Not only has the Parti Québécois government dismissed opposition to its secular charter (including from three former PQ premiers and Quebec’s human-rights commission), but the bill that finally emerged from two months of stormy public debate is even tougher than originally outlined, thus excluding any possibility of compromise with the province’s opposition parties.
Such inflexibility, coming from a minority government, would be truly incomprehensible – unless the government actually wants the bill to be defeated, which it does. The PQ intends to keep the unadopted bill simmering until the next election, when it will ask voters for a majority so that it can implement the charter, which is favoured by many old-stock francophones worried by immigration from Muslim countries.
The government will be using three other unadopted bills for the same purpose – to claim that it cannot govern because of systematic opposition obstruction. However, in all these cases, the government refused any compromise with the Coalition Avenir Québec, the mildly nationalist third party that was willing to collaborate. The sacrificed bills are for a new policy on mining, a moratorium on shale-gas exploration and a strengthening of Quebec’s language law – another key piece of the identity platform that will be at the heart of the PQ’s next campaign.
The party tried for a while but has now renounced its effort to attract the non-francophone voters it needed to win a majority for sovereignty (an elusive goal if there ever was one) and has unabashedly returned to playing the identity card, a strategy aimed at reinforcing its core support by appealing to nationalist passions.
If it wins a majority, Premier Pauline Marois’s government will unfold the second part of the strategy, hoping that its identity legislation will inflame the political climate, provoke an angry backlash in the rest of Canada and eventually push a majority of francophones to react by voting Yes to another sovereignty referendum. The sovereigntists will argue that “English Canada” and the federal government are imposing values alien to Quebec (multiculturalism, for instance) and depriving Quebec of the right to adopt the policies it needs for its cultural survival.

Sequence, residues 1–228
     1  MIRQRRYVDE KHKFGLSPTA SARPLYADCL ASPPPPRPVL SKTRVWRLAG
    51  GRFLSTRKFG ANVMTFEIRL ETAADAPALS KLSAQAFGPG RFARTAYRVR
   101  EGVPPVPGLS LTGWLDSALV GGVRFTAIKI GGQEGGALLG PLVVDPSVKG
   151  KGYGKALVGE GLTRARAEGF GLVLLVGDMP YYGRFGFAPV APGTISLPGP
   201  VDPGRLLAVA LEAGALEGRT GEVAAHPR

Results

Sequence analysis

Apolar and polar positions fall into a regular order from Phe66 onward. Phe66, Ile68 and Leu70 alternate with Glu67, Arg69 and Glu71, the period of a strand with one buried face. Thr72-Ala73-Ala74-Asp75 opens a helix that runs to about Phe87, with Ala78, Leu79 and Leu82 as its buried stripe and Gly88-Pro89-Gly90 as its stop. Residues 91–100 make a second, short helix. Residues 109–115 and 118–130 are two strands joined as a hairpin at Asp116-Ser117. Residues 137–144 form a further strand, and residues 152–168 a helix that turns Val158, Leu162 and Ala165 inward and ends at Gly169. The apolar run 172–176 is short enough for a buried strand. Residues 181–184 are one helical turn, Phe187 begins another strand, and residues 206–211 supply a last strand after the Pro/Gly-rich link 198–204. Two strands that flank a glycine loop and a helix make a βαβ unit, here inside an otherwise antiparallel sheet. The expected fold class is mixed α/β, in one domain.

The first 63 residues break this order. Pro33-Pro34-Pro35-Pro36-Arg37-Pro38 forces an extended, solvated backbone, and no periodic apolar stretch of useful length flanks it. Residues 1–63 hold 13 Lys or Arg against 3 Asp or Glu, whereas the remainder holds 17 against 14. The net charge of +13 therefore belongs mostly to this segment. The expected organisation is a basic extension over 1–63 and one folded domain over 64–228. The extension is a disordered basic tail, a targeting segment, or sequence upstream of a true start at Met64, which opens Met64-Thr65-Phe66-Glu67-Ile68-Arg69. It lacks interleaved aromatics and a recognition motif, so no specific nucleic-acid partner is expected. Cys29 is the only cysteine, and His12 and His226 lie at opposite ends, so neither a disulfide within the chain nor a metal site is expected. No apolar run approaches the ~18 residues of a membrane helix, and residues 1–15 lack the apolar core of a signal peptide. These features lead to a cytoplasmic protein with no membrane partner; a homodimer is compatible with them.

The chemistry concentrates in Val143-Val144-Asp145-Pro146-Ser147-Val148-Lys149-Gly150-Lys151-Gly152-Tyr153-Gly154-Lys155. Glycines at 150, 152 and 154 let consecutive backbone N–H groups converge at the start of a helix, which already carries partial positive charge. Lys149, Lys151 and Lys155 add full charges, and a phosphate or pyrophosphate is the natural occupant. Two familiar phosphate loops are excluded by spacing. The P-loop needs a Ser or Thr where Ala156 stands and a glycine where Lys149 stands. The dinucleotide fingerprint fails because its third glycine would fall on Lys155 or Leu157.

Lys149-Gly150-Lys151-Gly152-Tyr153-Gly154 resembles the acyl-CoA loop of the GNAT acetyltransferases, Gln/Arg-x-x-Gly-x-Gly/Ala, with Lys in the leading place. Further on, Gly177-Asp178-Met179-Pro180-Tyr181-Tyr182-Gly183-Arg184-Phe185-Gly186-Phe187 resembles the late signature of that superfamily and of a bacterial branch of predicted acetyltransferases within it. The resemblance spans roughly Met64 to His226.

The explosive content of the charter bill took even the most vocal adversaries of the project by surprise.
The ban on religious symbols, first limited to the public sector, the school system and health services, now extends to private enterprises that do business with the government as well as to subsidized cultural institutions and voluntary associations. This means that a book editor, a receptionist at an art museum or staff for a community organization or private confessional school might be forbidden to wear religious symbols at work.
The bill walks back the possibility of renewable exemptions for municipalities and institutions, such as hospitals and universities. And it goes as far as to forbid halal and kosher food from daycare kitchens if they’re “advancing a religious precept.”
As for the crucifix that hangs in the National Assembly room, it might be moved elsewhere in the building if MNAs decide to do so.
Philippe Couillard, the leader of the Liberal Official Opposition, called the bill “a frontal assault on our freedoms,” and many Quebec groups are prepared to challenge the charter in court if it ever becomes law. But will it? This depends on the outcome of the next election.